Fed Governor Lael Brainard and the “New Normal”
Fed Governor Lael Brainard gave a speech yesterday entitled: ‘The “New Normal” and What It Means for Monetary’. Last month, Fed Chair Janet Yellen gave a speech on August 26 at Jackson Hole Wynoming entitled “The Federal Reserve’s Monetary Policy Toolkit: Past, Present, and Future”.
In Ms. Brainard’s speech we learned that she believes there are structural issues in the economy leading to lower growth. Ms. Yellen’s speech was slightly more optimistic and self-congratulatory on the state of the economy. Ms. Yellen indicated that despite the progress she saw in the economy, the Fed needed to be aware of challenges it may face in the future. Ms. Yellen’s speech outlined a “tool kit” of future monetary policies that may be employed to fight off the next recession, including broadening the range of assets that may be purchased in conjunction with a future quantitative easing program.
The assessments by Mmes. Brainard and Yellen of the global economy, however, were not what held listeners and readers of their speeches captives. Rather, it was their view on the direction of interest rates that was of interest. Market participants wanted to know whether Ms. Brainard was in favor of raising interest rates at the Fed’s meeting later this month. If so, then perhaps a September rate hike might be a done deal.
Ms. Yellen’s August Jackson Hole speech appeared to indicate that in Ms. Yellen’s estimation, the economy was chugging along and perhaps an interest rate hike was warranted. Fed Vice-Chair Stanley Fisher reconfirmed Ms. Yellen’s view that a rate hike would indeed be “on the table’ at the Fed’s September 20-21 meeting. Mr. Fischer added that the upcoming Non Farm Payroll number would be an important determinate in the Fed’s decision whether to raise rates.
On Friday September 2, the Bureau of Labor Statistics released Non Farm Payroll numbers for August that missed expectations by a fairly wide margin. With a sub par Non Farm Payroll number behind them, most market participants believed that the payroll “miss” would call off any rate hike the Fed may have been considering in September. On Tuesday, September 6 the economy received further bad news as the ISM services indexed missed expectations and edged towards contraction as had the manufacturing component of the same index as reported on August 31.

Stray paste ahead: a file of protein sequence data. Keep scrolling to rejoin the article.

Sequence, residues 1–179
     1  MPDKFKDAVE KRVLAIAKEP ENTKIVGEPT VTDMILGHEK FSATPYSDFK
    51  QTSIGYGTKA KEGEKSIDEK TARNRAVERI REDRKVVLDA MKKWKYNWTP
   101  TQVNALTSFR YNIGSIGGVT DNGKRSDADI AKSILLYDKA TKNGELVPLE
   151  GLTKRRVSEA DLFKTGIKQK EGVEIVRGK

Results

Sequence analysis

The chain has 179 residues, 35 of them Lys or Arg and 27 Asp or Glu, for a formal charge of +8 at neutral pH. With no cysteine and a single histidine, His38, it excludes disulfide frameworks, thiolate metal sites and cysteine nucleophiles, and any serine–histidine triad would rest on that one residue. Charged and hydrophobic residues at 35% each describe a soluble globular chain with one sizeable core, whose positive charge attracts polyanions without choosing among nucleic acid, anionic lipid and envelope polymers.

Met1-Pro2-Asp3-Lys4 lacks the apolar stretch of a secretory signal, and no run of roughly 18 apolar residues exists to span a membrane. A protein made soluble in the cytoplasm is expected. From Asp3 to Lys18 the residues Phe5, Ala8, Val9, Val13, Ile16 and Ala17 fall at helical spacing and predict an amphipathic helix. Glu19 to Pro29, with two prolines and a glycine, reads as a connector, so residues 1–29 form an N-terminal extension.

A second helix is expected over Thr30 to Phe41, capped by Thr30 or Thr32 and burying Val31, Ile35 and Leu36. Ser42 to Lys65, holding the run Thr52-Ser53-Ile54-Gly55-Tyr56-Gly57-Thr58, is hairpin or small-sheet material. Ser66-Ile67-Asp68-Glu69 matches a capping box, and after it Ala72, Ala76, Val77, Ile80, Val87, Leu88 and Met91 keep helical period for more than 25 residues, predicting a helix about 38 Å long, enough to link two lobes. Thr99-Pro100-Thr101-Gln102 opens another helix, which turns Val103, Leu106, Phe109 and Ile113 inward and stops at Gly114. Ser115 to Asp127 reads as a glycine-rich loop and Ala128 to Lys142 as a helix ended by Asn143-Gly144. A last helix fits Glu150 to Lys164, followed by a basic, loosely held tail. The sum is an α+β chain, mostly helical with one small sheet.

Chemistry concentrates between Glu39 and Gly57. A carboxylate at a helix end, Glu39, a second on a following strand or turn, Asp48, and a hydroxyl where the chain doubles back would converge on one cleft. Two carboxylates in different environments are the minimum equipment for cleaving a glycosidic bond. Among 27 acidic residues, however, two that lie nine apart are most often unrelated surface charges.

Enter The Fed Interest Rate Hike Possibility Brigade
With recent incoming data disappointing the markets, market participants once again seemed to rule out the possibility of a rate hike in September. Then on Wednesday September 7, Fed Presidents Williams and Lacker revived the possibility of Fed rate hikes with speeches indicating that they thought the US economy was strong and rate hikes were warranted. Market participants shrugged off these speeches and gold and silver consolidated their gains from rallies earlier in the week. It wasn’t until Friday September 9, however when Boston Fed President Rosengren indicated that he also backed gradual rate hikes that market participants began to take the Fed chatter about rate hikes seriously. Later on Friday, the Fed added a speech by Lael Brainard to the calendar for Monday September 12.
On Friday, US stock markets fell sharply as did gold and silver as they braced for the impact of confirmation by Ms. Brainard of an interest rate hike in September.
Ms. Brainard’s speech yesterday was of interest to market participants for one primary reason – the inclusion of the word “prudence”. Ms. Brainard ended the final paragraph of her speech with the following sentence: “This asymmetry in risk management in today’s new normal counsels prudence in the removal of policy accommodation.” After nearly a decade of Fed policy accommodation , Ms Brainard, let the world know that it still might not be time to remove that accommodation by raising interest rates.
Equity markets and gold and silver staged a relief rally yesterday after Ms. Brainard’s speech. Today, however, equity markets and gold and silver gave up their gains, perhaps indicating market participants have things other than Fed interest rate policy on their minds.
This article by BGASC is not, and should not be regarded as, investment advice or as a recommendation regarding any particular course of action.